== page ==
Home Civil Society Voices Bar reiterates call to repeal Printing Presses and Publications Act

Bar reiterates call to repeal Printing Presses and Publications Act

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The Malaysian Bar is deeply concerned with the actions taken by the Ministry of Home Affairs on two separate occasions in the span of approximately three months apart – the raid on 11 Swatch stores and seizure of items in various shades of the rainbow on 13-15 May and the recent raid on Toko Buku Rakyat and seizure of two books on 18 August.

The explanations reported to have been given in support of the actions taken by the ministry is purportedly based on “public complaints” made, and the actions taken by the ministry were reported to be premised on the Printing Presses and Publications Act 1984 (PPPA).

Clearly, Section 7 of the PPPA must be read in its context – that any purported prohibition is only applicable upon it having been gazetted in accordance with the PPPA prior to any action being taken by the home affairs minister.

On 10 August, three months after the raid on 11 Swatch stores and seizure of items in various shades of the rainbow on 13 -15 May 2023, only then did the Ministry of Home Affairs gazette a Printing Presses and Publications (Prohibition of Undesirable Publications) Order 2023 (prohibition order) against the “publication related to Lesbian, Gay, Bisexual, Transgender, Queer and + Plus (“LGBTQ+”)”.

The prohibition order, which was gazetted, stated that “any form appearing on Swatch watches of any collection including the boxes, wrappers, accessories or any other related things” is not permitted lawfully.

Based on the ministry’s media release on 10 August, the prohibition order is said to be premised on the grounds of morality, and public and national interests in preventing the spread of elements that “promote, support, and normalise the LGBTQ+ movement which is not acceptable by the general public in Malaysia”.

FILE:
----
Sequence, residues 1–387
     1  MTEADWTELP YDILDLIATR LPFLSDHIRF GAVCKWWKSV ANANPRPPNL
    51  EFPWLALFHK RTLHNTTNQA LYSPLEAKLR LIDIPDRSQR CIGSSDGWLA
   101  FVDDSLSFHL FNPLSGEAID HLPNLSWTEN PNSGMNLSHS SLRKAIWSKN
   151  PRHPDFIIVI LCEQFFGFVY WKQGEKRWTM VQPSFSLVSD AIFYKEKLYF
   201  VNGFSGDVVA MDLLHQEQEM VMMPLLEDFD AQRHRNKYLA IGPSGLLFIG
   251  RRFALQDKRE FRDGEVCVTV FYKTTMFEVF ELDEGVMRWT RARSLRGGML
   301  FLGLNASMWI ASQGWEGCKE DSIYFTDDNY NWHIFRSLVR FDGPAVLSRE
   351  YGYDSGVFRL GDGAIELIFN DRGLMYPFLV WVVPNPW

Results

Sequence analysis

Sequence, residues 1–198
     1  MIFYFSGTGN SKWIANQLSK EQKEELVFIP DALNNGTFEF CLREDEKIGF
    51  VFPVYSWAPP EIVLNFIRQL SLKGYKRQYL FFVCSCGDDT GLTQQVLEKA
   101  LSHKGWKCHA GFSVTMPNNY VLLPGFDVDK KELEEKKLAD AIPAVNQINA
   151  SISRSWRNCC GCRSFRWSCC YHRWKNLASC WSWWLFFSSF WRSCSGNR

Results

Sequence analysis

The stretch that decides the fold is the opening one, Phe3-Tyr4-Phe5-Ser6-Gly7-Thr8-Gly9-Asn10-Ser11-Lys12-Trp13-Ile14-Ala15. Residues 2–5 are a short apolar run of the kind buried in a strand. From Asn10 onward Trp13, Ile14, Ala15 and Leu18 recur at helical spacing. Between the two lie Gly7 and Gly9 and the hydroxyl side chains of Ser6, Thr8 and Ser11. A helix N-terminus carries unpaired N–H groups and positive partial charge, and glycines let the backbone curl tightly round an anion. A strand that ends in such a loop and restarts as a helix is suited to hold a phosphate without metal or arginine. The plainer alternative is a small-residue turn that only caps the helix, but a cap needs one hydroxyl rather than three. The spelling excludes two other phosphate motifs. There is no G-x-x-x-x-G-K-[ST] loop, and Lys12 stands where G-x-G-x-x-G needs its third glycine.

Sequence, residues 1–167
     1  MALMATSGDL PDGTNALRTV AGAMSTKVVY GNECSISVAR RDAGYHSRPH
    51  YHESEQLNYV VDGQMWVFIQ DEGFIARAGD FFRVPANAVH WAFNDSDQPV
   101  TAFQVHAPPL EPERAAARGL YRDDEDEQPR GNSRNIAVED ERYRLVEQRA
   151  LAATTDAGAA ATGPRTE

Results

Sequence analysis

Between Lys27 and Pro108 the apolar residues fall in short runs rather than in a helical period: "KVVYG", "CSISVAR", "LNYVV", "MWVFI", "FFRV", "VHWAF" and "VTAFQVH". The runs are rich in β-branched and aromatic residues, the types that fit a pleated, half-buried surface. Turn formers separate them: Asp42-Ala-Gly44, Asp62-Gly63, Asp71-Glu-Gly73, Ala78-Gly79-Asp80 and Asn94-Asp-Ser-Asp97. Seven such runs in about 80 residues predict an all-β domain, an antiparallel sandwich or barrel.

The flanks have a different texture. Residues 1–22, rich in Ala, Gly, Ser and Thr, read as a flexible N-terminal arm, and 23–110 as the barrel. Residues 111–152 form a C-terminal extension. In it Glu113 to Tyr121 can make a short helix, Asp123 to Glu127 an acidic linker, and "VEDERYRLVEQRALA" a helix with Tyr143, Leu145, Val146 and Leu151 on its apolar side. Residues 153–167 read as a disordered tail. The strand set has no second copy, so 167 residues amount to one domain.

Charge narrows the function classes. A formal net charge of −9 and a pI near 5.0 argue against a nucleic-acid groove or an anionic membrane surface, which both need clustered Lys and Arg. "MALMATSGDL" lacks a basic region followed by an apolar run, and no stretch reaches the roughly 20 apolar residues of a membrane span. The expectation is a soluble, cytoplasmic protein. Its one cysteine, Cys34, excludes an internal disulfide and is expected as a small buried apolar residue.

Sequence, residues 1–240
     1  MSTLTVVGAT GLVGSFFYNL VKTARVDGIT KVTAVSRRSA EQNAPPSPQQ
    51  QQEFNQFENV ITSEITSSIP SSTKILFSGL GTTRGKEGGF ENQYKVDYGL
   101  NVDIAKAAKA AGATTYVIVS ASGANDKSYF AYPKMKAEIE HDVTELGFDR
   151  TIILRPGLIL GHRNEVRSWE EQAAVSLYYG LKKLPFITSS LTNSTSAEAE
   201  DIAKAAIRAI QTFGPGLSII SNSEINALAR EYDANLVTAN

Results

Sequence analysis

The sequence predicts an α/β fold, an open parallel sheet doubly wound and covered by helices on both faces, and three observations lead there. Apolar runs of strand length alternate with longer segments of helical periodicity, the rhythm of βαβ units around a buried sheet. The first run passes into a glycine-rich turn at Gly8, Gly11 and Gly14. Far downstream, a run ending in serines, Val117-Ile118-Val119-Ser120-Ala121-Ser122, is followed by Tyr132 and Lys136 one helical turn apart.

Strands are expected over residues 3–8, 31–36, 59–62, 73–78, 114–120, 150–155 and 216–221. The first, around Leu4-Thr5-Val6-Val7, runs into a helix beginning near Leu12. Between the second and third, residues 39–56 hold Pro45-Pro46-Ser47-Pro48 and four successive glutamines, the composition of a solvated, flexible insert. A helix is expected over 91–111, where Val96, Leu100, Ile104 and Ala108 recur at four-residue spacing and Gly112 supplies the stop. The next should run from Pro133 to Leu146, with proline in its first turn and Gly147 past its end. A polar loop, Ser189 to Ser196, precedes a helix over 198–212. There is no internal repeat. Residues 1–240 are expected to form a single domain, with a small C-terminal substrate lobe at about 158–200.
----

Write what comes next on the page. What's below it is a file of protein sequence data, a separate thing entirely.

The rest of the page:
The legality of the raids and seizures remains questionable and is of course subject to challenge in the court of law.

What is crystal clear is that under the PPPA, the home affairs minister is first expected to make an order published in the gazette regarding the prohibition of any undesirable publications. Without a gazette in place prohibiting such “undesirable publications”, any raid and seizure carried out by the ministry would most likely be unlawful and excessive.

Previous cases in Malaysia have decided on this issue in a similar vein. The facts in Berjaya Books Sdn Bhd & Ors v Jabatan Agama Islam Wilayah Persekutuan & Ors (Berjaya Books) is similar to the most recent impugned actions taken by the ministry. In Berjaya Books, when the authorities raided the bookstore and seized several books, the publications were not subject to any prohibition by the ministry at the material time. The ministry only made a prohibition order via a gazette which was only issued three weeks after the raid.

The Malaysian High Court has held in the past that the PPPA must be read harmoniously with the Malaysian Federal Constitution, in particular Article 7, so as to avoid any conflict that would result in the provisions of the statute to be applied retrospectively. The High Court held that a statute must be read prospectively in order to provide certainty to persons affected and to prevent those similarly circumstanced from being retrospectively criminally liable. The High Court’s decision was later affirmed by the Malaysian Court of Appeal.